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This question comes up quite often. The bottom line is if your are designing for someone, you must understand who that someone is, why they will be using this software, and what are their goals. In many cases that will involve learning some aspects of the domain. I design complex enterprise software used by banks, and learning about the domain was critical. ...


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Recently I developed a software in the nuclear energy domain, which was completely new to me. I hope you'll find some advice helpful: Learn the Basics. You need to know the basics. Visualize the entities, their attributes and relationships, and actions. You'll see a big picture and some logic soon. Make a Glossary. Professionals use terms and ...


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From my experience, my advice is that if you want to remain in the aeronautics domain, to learn about the domain e.g. attend some fast-track courses, spend sometime with the experts etc. This will make you even more effective and invaluable to your team.


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Do follow the conventions. I have heard this from many service providers voice answering machines: To go back to main manu, press 0. # is used after dailing the number. Please enter you pass-code and press # * is used for many messaging service like the one you mentioned in your question *123.


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Well, it all depends. Each project has its particularities, you'll have different resources, time, budget and so on. There's always the temptation to do more and to over analyse to play safe, which of course increases times, and sometimes affecting the initial research because data is no longer accurate. What I mean with this is that your list and process ...


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Well as you are having a gaming portal, I suggest:- Arrange them by popularity Try to give an option to the user to compare between 2 games like we can see in the websites which compares different mobile phones. 3.The most important-> While displaying a particular game product- you can put Pro's, Con's and compatibility as the definite items to be ...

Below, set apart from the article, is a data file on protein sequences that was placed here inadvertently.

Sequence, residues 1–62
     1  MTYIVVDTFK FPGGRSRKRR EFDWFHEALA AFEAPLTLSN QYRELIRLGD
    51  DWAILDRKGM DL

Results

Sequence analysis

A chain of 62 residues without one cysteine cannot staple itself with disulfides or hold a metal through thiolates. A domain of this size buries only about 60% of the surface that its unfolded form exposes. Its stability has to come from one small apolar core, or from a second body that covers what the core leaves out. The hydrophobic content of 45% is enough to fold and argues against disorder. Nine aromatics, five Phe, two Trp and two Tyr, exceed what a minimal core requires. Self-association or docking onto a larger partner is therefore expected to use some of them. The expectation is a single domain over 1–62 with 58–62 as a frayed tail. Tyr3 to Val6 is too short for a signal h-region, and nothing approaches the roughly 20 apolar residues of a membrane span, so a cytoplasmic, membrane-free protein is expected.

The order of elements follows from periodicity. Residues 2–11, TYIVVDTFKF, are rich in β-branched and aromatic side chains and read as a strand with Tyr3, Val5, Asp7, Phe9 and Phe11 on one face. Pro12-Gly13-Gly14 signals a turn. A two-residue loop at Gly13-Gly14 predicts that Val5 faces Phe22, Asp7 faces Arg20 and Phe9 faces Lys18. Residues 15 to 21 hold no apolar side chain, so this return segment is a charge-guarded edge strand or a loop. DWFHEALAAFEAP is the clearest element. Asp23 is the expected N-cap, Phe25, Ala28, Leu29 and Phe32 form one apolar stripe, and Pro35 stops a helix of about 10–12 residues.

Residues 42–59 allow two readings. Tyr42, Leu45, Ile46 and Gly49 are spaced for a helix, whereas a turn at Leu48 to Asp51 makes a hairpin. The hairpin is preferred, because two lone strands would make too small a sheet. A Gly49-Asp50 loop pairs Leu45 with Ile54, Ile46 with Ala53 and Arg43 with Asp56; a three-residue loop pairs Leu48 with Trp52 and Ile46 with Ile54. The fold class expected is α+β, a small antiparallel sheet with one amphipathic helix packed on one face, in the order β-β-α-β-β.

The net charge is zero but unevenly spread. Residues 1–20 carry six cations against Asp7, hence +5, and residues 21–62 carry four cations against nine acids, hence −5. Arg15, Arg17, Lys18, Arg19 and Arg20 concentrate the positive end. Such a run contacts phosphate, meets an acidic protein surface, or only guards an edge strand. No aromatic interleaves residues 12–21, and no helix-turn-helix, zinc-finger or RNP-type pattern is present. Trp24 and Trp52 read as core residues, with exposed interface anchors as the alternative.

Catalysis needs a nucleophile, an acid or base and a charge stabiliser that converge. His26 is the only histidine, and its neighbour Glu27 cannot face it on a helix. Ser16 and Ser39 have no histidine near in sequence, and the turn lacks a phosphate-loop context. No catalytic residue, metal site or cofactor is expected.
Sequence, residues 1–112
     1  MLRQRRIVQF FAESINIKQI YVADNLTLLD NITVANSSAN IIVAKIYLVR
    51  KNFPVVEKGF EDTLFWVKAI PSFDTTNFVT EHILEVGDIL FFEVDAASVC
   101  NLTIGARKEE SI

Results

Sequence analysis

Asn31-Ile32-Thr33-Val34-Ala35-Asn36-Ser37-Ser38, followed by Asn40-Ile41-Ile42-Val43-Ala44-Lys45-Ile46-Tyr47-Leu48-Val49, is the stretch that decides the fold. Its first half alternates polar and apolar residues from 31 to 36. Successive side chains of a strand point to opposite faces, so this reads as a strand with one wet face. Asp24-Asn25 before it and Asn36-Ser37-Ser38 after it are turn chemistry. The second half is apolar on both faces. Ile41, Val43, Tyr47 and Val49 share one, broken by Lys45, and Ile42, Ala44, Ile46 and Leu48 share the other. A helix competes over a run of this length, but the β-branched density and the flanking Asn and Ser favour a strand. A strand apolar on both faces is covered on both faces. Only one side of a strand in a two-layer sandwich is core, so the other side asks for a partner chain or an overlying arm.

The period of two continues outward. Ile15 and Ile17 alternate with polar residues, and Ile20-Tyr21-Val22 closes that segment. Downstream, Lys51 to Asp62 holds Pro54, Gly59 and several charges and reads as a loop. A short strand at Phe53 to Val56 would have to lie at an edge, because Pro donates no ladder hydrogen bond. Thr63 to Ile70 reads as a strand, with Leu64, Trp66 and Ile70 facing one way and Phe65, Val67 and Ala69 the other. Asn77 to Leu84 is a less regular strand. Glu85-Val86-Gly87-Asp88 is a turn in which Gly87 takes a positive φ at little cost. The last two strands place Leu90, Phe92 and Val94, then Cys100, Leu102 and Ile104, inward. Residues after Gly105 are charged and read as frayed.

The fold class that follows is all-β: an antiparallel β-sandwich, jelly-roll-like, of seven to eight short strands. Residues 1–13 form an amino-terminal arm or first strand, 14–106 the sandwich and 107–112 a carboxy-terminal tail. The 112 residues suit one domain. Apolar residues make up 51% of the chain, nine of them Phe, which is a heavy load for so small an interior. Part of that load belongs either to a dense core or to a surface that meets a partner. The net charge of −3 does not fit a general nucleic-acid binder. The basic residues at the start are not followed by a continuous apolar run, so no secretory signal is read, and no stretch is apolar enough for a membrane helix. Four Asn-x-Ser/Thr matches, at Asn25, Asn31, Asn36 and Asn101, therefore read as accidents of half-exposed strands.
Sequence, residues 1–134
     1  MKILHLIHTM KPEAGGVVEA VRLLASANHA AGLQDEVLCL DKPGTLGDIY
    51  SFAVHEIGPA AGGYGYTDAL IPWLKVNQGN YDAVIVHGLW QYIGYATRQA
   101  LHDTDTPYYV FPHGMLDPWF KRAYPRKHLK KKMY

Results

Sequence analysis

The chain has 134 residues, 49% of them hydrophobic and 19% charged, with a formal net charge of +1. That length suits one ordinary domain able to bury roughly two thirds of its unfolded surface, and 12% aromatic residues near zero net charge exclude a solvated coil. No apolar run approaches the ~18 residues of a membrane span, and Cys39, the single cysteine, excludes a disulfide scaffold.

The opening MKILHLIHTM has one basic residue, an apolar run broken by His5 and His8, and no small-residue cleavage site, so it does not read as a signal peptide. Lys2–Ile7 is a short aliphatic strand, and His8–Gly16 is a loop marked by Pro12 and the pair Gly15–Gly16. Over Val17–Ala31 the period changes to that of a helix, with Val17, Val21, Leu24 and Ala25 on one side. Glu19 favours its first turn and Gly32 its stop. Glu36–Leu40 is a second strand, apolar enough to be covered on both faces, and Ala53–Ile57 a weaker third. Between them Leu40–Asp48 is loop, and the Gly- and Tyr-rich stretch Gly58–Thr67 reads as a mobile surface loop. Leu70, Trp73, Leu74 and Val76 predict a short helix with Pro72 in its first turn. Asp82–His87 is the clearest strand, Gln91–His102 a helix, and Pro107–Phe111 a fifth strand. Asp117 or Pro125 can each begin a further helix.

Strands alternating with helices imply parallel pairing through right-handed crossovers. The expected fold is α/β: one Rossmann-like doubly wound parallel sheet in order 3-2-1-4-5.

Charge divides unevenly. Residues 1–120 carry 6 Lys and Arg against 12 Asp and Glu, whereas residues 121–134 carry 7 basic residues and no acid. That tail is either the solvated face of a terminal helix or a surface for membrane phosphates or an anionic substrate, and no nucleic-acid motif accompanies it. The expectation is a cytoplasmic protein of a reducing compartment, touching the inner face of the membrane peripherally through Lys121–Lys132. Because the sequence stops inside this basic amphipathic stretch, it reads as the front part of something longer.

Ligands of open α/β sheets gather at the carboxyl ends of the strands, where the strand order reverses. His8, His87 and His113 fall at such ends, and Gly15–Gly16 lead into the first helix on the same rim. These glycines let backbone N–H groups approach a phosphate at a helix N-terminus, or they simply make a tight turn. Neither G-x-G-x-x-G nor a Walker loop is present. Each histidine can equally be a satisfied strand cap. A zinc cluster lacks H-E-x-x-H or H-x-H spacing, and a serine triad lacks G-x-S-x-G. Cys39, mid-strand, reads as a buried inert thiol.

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I think that weekly total sales also be different from each other. In order to show overall performance, two different interconnected bar-chart can be a good solution for your problem.


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Pie charts are not good when you have to compare. Also, they have a limit of how many values to represent. I would recommend a horizontal bar chart. Comparisons are much more easy and you can have many values. Also, the names of the employees are much more easy to read. Keep the bar chart simple : Do not add grid-lines. X-axis values are not needed. Place ...


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Here I attach 2 options to display the information which you want. This is my idea and this is wire-frame only so don't consider it as design. I commented necessary information so please read it carefully. I hope you will have clear idea that what I am trying to explain. Images shown below are just for the example purpose. These are the screens :


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Welcome to UXSE. This is a good approch. But I have something different. Added one new feature hope you like it. Refer image:


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Are there any generally recommended best practices for image size requirements? No. Is it generally accepted for a a RWD site that a separate set of smaller image should be used for tablet vs. desktop? In most cases, yes. Right now, certain landing pages have images as high as 1mb, and a total download of around 4.7mb. Should I be concerned? ...